Survivor STORY

Alice was born in Frankfurt am Main, Germany. She spent her early years in Egelsbach, Germany, but returned to Frankfurt with her family in 1938. She writes, "In 1939, I was sent to Switzerland on a Kindertransport to Kinderheim Wartheim in Heiden. My parents and sister Edith fled to France and planned to have me join them, but that became impossible after the occupation of France. I was the only survivor from my immediate family. I was brought to New York by the Joint Distribution Committee. Following a custody dispute between relatives in New York, I was asked what kind of environment I wanted to live in. After I requested a place with trees and greenery, I was sent to Atlanta." In Atlanta, Alice was assisted by the Jewish Welfare Committee. Alice worked as a cashier and clerical worker for many years and is now is a pre-school teacher.

Alice's husband, Saul, came to America from Poland right before the outbreak of the war. They met and married here in Atlanta, where Saul had a grocery business. Saul is president of the DeKalb Chapter of the National Alliance for the Mentally Ill, and both he and Alice are active advocates for family members of loved ones affected by mental illness. Their son, Dr. Laurence Sherr, is Composer in Residence and Assistant Professor of Music at Kennesaw State University in metro Atlanta and is the founder and clarinetist of the klezmer band, “Oy Klezmer!”. Their son, Gilbert Sherr, is a nationally active speaker and teacher with specialties in memory and interpersonal communication, and another son, Dr. Joseph Sherr, is a mathematician and computer scientist currently employed by Bell Laboratories. Joseph and his wife Esther live in New Jersey and have a son, Ephraim. The Sherr's youngest son, Edwin Neal Sherr is deceased.
Separation from Family

There was a children's transport of 200 children and my sister couldn’t go because she was too young. She was two-and-a-half at that time. And my, the parents were not supposed to come to the train. They were supposed to take us to the orphanage and then leave us. And, but my father, I remember, came to the train. He wasn’t supposed to. I remember looking out of the train window and waving to him. And it wasn’t that sad for me, maybe for the older children it was, because it was like going on a vacation. I did not know that was the last time I would see my parents.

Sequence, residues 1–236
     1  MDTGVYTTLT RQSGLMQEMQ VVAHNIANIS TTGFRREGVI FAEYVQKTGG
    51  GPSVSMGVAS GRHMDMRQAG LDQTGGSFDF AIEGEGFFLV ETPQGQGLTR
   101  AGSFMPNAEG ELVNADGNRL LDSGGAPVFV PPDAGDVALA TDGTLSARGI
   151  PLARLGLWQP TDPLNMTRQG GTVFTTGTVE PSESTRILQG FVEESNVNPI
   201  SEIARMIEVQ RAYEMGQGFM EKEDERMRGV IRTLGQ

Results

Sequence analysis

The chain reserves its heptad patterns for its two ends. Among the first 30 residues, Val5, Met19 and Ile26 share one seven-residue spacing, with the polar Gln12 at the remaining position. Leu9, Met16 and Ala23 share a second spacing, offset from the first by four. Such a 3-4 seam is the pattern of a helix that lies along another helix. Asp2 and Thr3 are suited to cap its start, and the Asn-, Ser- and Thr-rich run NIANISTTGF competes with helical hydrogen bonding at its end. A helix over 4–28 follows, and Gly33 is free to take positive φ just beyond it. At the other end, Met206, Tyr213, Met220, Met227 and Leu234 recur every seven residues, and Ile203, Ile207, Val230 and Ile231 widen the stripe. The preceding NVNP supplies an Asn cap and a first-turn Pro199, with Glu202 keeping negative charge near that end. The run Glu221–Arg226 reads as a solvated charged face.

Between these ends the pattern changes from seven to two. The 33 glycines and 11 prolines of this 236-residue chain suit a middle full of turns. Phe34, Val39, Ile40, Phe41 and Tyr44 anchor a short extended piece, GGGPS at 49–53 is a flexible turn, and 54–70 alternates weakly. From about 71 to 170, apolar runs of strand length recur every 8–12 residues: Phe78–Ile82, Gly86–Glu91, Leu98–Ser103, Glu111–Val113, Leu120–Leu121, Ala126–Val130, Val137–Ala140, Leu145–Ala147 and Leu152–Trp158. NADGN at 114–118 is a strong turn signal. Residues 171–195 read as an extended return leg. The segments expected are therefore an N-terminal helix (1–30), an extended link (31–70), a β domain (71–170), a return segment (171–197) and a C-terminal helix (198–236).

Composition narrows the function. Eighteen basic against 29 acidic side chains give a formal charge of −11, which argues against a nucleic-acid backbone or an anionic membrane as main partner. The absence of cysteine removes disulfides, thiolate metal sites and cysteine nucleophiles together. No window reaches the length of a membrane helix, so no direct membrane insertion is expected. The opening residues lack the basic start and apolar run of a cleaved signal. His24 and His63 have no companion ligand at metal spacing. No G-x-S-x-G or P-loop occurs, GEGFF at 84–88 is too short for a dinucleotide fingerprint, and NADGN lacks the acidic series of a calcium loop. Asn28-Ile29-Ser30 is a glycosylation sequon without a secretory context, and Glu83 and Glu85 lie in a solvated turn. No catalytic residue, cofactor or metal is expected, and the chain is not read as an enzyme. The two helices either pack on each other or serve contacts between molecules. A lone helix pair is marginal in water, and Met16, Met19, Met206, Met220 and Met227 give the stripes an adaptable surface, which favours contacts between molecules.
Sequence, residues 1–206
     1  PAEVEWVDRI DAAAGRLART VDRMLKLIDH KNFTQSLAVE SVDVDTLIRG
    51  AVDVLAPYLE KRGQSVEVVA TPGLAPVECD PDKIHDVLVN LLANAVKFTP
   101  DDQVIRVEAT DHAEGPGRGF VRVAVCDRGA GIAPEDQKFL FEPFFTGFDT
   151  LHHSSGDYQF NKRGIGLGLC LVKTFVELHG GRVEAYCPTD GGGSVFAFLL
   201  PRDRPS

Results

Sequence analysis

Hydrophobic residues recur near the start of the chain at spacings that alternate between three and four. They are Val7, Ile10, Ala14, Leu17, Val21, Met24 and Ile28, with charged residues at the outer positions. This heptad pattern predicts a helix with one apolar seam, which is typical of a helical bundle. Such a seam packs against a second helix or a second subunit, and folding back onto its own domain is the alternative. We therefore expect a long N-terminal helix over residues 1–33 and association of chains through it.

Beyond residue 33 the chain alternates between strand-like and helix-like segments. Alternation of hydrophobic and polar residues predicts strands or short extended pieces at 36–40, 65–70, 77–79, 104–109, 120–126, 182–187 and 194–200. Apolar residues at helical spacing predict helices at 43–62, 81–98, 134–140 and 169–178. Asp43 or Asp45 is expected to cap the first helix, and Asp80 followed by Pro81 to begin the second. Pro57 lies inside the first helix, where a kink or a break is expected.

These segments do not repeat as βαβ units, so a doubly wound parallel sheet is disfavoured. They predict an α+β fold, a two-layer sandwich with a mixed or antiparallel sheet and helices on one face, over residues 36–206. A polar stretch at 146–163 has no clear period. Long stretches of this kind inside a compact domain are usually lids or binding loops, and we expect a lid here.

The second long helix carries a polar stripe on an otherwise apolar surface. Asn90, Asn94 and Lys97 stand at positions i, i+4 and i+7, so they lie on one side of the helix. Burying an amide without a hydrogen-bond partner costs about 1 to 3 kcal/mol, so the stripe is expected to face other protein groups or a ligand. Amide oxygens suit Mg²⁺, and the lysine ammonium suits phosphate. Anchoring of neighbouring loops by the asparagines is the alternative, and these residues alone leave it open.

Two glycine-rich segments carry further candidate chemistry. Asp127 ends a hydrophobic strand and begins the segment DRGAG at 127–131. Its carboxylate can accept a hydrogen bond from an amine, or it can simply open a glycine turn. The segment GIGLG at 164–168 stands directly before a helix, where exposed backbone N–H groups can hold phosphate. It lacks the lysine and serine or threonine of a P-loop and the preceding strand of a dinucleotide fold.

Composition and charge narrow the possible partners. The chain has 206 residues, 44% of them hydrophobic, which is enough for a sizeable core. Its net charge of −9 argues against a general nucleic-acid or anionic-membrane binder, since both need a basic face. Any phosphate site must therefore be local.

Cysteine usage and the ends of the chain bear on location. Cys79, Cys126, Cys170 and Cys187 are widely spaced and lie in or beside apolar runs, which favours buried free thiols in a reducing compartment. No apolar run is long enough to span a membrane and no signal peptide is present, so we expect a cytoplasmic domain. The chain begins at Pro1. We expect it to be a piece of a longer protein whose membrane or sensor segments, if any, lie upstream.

It was January 5th, 1939. And we were supposed to stay there for three months, kind of to get us relief from what was going on in Germany, but I stayed till 1947. Of all the children, I think I was the longest one that stayed in the children’s home. I was supposed to join my parents in France and this man came and he was going to escort me across the border. And I got as far as Zurich and the borders closed between Switzerland and France, which was very traumatic and sad for me. When I think back, it’s lucky; I wouldn’t have been alive if I would have been able to join my parents. Anyway, I never saw my parents again after January 5th.

So the social worker in New York at that place where we were staying asked me where I want to go. She didn't think it would be good for me to stay in New York, with the extreme opposite of the two uncles, so I said, "I don’t like New York, because it's dirty and there's no, everything is so close together." I lived in a town that had farms and you had to walk five minutes to get to your neighbor's. So I want trees and flowers, and so they sent me to Atlanta.

Importance of Family
Well, I think it's best to be brought up in a home in a family. It's hard in a children's home, because you don't, nothing is personal. You're just there and some of the experiences were very hard. There was never loving, there was punishing, but never loving. And with the little kids, I wouldn't let anybody come in without saying, "Good morning," or "Those are nice new shoes," or "You have a nice haircut," or "I like your dress." And it's always something nice, which I never had, you know. If it was nice it wasn't mentioned, if it was bad it was.

When Neil died and I couldn't function at home. I would write a check, and a half an hour later I would still be writing the check. And I don't know what would happen. I was depressed. But when I was with the children, it's, I don't how I did it or what, but I wouldn't be depressed, I could function normally and that helped me. Not get over it, but it helped me function, and it was good therapy.

Sol: Yeah, and the only way I would get through it...I was angry what happened to him for about a year.

Alice: Oh, more.

Sol: Well, not that big angry. I tried to turn myself around, tried to make it concrete. And, about a year later, I did, and it was, I could do that by helping other people. We have impacted a lot of people over the years.

Alice Bacharach Sherr